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Jackie died on a Monday and the funeral was two days later.
My brother Piers, his wife Lin, and I drove to Rock House in Buckinghamshire to collect Dad. He greeted us at the door wearing his bowler, as the Rabbi had requested he should bring a hat. Since none of us had been to a Jewish funeral before, we had no idea what to expect. Squashing into the car, we all set off for Golders Green, allowing plenty of time to find our way through north London.
We arrived far too early and the cemetery seemed deserted. We parked as near as possible, and while Piers lifted Dad from the car and lowered him into his wheelchair, I wandered into the graveyard and found the hollow tomb where Jackie was to go. It was covered but lay waiting, cold and empty.
One after another, bouquets were being delivered and I suddenly realized, with horror, that I had forgotten the flowers I had picked from the garden for Jackie. They were still on the kitchen table at home.
I asked for the nearest florist-and was directed down the road. Leaving Piers and Lin to look after Dad, I ran and ran through the miserable, gray day to the main road, under the railway bridge, and to the right. At last, ahead of me, was the shop, bursting with flowers, glorious bouquets spilling on to the pavement, making a blanket of color.
I picked my way between them. "This is incredible, all these flowers . . ."
"Oh, yes," came the reply. "There's a big funeral today. The great cellist, Jacqueline du Pre, has died, and I just can't keep up with the orders...Can I help you?"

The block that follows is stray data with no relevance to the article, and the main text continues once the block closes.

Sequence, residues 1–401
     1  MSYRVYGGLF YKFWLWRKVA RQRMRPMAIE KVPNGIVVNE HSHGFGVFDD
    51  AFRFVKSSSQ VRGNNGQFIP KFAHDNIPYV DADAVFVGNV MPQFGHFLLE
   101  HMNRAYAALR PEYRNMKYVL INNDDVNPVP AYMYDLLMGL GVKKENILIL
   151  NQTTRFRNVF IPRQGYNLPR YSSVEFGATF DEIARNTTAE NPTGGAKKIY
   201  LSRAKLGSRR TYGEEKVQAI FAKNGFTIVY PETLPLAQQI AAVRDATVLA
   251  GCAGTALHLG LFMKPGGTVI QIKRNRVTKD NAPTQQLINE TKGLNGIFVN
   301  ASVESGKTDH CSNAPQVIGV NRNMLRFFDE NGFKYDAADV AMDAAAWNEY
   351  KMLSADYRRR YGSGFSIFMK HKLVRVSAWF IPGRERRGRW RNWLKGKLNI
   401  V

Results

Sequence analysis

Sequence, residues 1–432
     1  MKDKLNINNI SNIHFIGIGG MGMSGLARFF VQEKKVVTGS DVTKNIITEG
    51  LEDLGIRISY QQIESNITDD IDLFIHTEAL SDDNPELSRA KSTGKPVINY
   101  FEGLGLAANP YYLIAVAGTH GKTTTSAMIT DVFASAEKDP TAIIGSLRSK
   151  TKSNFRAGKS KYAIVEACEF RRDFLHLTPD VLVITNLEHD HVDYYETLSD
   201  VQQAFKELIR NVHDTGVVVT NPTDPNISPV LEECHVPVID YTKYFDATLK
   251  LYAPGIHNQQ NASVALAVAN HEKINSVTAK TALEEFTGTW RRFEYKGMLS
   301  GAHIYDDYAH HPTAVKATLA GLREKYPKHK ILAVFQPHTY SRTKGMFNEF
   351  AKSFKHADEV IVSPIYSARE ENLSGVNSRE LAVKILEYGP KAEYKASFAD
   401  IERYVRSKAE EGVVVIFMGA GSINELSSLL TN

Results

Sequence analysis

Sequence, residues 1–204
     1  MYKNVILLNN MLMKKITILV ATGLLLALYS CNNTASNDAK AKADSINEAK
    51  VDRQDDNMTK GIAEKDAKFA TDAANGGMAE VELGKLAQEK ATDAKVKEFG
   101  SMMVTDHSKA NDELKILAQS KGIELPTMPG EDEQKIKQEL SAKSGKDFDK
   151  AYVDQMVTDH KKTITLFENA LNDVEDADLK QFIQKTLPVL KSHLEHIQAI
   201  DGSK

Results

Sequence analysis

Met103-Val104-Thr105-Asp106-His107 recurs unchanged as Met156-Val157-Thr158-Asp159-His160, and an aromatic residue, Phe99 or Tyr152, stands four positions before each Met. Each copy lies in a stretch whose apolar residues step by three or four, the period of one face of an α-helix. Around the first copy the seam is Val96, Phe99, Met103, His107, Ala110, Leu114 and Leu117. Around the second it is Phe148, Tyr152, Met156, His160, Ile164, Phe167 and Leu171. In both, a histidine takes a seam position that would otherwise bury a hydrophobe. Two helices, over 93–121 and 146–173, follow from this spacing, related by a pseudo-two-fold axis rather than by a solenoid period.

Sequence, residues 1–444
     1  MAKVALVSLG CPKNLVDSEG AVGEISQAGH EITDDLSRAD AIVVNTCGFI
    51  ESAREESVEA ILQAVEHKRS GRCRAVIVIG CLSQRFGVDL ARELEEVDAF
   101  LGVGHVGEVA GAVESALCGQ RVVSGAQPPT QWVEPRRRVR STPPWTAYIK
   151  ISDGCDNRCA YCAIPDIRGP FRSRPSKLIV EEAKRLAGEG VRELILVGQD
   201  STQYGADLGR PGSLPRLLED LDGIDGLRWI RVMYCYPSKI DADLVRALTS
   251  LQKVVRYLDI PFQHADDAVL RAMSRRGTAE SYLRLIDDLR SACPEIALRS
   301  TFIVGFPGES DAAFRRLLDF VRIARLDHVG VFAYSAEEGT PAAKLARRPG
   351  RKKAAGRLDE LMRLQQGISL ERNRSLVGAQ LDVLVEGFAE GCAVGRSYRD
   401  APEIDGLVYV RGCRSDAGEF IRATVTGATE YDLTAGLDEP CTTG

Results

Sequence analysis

The florist looked aghast as tears streamed down my face.
Through my sobs, I tried to explain that I needed a flower for my sister. I could hardly see but eventually chose one pale, creamy-pink rose with a gorgeous scent that Jackie would have loved. Still in tears, I put my hand in my pocket and found I had left my purse at home, too.
The florist simply gave me the rose. I tried to thank her properly, but could only whisper.
I was desperately anxious to find Jackie, and ran wearily back to the cemetery. The caretaker welcomed me at the gate and promised to put my rose with the family flowers. I asked him where the funeral service would be and he pointed to the little synagogue. I opened the door.
There, on a trolley in the peaceful, wooden room, was Jackie's coffin, covered with a black shroud. I don't know how long I was with her but we were alone again, at last, and I was able to say so much. Silently, I told her I loved her, and said goodbye.
After a while I heard a sound, and turned to find a rabbi waiting quietly at the door. He had one of the kindest faces I have ever seen. He walked over and put his arm round me.
"Many will claim they were her best friend," he said. "Many will claim they alone understood what she needed. But your memories of your sister are unique. They are your own. Let no one interfere or take them from you." He hugged me and whispered, "Never forget that."
I wanted to thank him but, as I tried to speak, the doors opened and in poured the great and illustrious. We were completely surrounded.